Email, Getting Work Done, and Corporations Or: Outlook Considered Harmful
It's hard to overstate how important email is in our modern world. Even as hip new platforms like Slack &co. gain traction in the workplace, so much communication takes place in a crusty old medium that's outlived every purported "email killer". Where does it get its staying power from?
Email predates much of the Internet as we know it today. Its current incarnation first emerged in the early 80s, though it has roots in earlier forms of digital messaging from as far back as the 60s. "Email" is roughly three related protocols: SMTP, "Simple Mail Transfer Protocol", which deals with the sending of mail; IMAP, or "Internet Message Access Protocol", which allows mail clients to fetch mail; and POP3, or "Post Office Protocol", an older mail fetching protocol largely superseded by IMAP.
One neat thing about email is that you don't have to use a particular email client to send and receive messages: it doesn't matter if you use Gmail's web interface, their mobile app, or Thunderbird, or Apple's built-in email program, or even text-based mail clients like mutt—everyone can still talk to each other.
Moreover, different email clients have different strengths: Gmail, for instance, is so simple that your grandma can (and probably does) use it to send you pictures or reminders about the family reunion next weekend. Academics, who typically have to deal with overwhelming heaps of emails, can use keyboard-driven mail clients to digest all these messages. (See Nicolas P. Rougier's mu4e-dashboard package for an example of what some academics do.)
The point: email derives its staying power from how the common platform (SMTP, IMAP) is decoupled from how one interacts with it. (mail clients) It is malleable and ubiquitous, and everyone can adapt it for their needs.
Outlook is faux email
I'm starting a new position as a research assistant at the University of Utah, and I'm elated to be here. However, the university is pushing everyone to use their MS Outlook email system, and they've disabled SMTP and IMAP access. The mail client that I use (mu4e for those wondering) is built to work with these common, decades-old standards of IMAP and SMTP. I can't use the built-in OS's mail client or (heaven forbid) the web client nearly as effectively.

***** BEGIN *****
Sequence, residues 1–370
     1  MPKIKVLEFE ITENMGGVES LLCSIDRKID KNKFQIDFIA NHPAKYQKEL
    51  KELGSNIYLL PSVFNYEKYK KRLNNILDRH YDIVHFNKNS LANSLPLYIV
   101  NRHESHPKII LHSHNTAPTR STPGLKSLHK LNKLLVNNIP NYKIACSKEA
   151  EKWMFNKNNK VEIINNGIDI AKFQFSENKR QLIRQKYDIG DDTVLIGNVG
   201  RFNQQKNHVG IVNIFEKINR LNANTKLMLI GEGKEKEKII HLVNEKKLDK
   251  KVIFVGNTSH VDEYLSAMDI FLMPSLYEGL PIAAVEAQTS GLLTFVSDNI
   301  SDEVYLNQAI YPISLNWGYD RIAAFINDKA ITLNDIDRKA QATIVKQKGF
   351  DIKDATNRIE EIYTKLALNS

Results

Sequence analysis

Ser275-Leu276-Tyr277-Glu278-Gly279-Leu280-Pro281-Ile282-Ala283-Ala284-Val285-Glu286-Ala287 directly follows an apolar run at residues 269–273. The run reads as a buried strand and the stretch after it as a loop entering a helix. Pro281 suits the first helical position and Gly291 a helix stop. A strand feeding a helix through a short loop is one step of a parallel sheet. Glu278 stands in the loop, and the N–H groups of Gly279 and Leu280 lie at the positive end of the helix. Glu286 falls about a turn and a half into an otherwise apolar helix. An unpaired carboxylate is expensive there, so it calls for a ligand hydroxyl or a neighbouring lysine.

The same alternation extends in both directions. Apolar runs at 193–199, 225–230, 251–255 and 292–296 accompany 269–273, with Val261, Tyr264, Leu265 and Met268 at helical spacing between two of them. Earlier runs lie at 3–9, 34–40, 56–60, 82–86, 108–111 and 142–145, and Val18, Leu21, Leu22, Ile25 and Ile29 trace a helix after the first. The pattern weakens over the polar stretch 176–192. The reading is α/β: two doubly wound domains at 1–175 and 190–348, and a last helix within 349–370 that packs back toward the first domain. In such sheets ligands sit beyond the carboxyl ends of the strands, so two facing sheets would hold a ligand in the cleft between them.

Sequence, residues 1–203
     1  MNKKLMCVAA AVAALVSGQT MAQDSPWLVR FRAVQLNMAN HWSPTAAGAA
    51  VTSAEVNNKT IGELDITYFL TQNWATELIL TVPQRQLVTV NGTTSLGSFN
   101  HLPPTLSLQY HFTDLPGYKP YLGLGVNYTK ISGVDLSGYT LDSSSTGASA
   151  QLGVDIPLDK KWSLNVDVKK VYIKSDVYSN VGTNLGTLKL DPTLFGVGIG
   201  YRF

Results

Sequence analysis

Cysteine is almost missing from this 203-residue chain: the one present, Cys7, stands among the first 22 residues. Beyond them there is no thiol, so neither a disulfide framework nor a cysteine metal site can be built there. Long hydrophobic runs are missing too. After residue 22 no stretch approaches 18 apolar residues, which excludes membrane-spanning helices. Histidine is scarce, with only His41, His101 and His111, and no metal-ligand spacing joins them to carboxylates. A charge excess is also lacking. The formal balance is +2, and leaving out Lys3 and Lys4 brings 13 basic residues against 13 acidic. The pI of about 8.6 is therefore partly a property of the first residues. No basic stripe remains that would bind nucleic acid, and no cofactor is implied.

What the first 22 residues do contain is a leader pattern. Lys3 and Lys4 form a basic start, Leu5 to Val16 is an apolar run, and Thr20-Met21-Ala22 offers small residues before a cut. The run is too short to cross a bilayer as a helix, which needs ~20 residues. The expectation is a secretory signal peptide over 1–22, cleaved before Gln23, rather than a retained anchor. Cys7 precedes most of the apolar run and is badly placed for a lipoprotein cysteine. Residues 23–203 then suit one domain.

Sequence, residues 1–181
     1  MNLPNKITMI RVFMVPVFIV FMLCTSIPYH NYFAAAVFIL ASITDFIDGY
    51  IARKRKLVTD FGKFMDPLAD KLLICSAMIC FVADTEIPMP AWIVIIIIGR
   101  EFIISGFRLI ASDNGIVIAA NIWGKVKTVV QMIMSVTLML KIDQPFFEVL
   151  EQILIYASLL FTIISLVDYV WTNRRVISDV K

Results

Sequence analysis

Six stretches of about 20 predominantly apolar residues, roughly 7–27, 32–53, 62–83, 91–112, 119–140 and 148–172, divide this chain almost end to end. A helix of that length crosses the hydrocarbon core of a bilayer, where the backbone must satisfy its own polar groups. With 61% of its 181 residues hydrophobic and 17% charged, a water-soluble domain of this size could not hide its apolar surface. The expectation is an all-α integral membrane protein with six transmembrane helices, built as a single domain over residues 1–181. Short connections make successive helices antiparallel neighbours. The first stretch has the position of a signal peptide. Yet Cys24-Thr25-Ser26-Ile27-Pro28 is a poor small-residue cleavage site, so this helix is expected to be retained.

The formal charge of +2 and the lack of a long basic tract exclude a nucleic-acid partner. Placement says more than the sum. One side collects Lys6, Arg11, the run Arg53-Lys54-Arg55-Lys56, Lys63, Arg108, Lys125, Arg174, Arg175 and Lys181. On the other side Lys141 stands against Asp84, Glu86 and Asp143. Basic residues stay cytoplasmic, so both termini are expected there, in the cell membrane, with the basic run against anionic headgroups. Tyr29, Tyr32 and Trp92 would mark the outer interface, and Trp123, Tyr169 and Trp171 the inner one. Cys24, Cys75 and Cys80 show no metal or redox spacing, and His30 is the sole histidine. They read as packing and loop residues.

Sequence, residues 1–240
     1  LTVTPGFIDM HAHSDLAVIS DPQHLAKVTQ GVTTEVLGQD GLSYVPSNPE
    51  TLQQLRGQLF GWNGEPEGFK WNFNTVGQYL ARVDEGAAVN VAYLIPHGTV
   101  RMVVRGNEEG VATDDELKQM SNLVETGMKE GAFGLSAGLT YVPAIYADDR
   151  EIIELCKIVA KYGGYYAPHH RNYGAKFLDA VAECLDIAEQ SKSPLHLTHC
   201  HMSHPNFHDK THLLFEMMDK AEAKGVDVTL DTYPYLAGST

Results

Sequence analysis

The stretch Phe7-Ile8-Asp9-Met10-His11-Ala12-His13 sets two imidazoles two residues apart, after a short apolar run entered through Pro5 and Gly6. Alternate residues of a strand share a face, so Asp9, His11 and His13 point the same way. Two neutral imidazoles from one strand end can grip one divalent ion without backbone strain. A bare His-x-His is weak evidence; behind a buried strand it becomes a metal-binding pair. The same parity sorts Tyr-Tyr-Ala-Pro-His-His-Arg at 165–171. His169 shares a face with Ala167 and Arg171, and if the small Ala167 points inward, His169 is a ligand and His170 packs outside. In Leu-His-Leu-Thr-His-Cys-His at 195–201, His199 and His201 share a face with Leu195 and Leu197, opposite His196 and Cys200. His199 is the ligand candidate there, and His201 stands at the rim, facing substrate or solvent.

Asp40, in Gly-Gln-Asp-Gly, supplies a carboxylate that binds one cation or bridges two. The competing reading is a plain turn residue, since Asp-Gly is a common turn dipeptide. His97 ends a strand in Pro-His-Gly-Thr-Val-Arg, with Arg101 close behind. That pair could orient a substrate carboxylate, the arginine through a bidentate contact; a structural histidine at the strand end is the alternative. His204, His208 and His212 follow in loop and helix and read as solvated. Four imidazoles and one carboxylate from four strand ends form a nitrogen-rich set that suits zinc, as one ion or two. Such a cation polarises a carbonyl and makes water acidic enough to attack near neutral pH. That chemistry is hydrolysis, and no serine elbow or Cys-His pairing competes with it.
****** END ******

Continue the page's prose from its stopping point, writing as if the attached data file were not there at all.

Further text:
I'll be trying some work-arounds, but I'm not optimistic that anything will be resolved in the near future. So for now I'm stuck using the mail client provided by my operating system for work-related email. It's really a shame because some brilliant Emacs users have made managing email pleasant and effective.
Why would the university block the tools that I need to do my job effectively? I have a theory on that.
The theory of two companies
This also goes by the name "staff and line".
Inside every organization there are two smaller companies: company 1 and company 2.
Company 1 is concerned with the product of the organization. In a tech firm for instance, company 1 is usually made up of engineering, product, sales, and marketing. (Broadly speaking.) In a university, company 1 is the faculty who are there to teach and do research.
Company 2 is concerned with running the organization. In a tech firm, this includes IT, HR, middle management, etc. In a university, company 2 is comprised of the staff and administration.
The primary job of company 2 is to support company 1's operations. However, as is the nature with any large system, company 2 often begins to put some of its priorities over those of company 1's. I saw this happen in a tech company I left a few years ago when management mandated that developers track the time they spent on each ticket in our
scrum waterfall system down to the minute. This wasn't a move that helped the developers in any way—this was just for management to feel like they had some better control of the situation.
Likewise with university email: no one I know would elect to use Outlook as their email platform. It seems the university administration has deemed it better to force everyone into a closed system to avoid the potential of lawsuits. It helps the university as an organization, but it gets in the way of the faculty's work.
I get nervous when company 2 starts putting its priorities over company 1's. To some extent it's necessary, but it can be a slippery slope into bureaucratic paralyzation.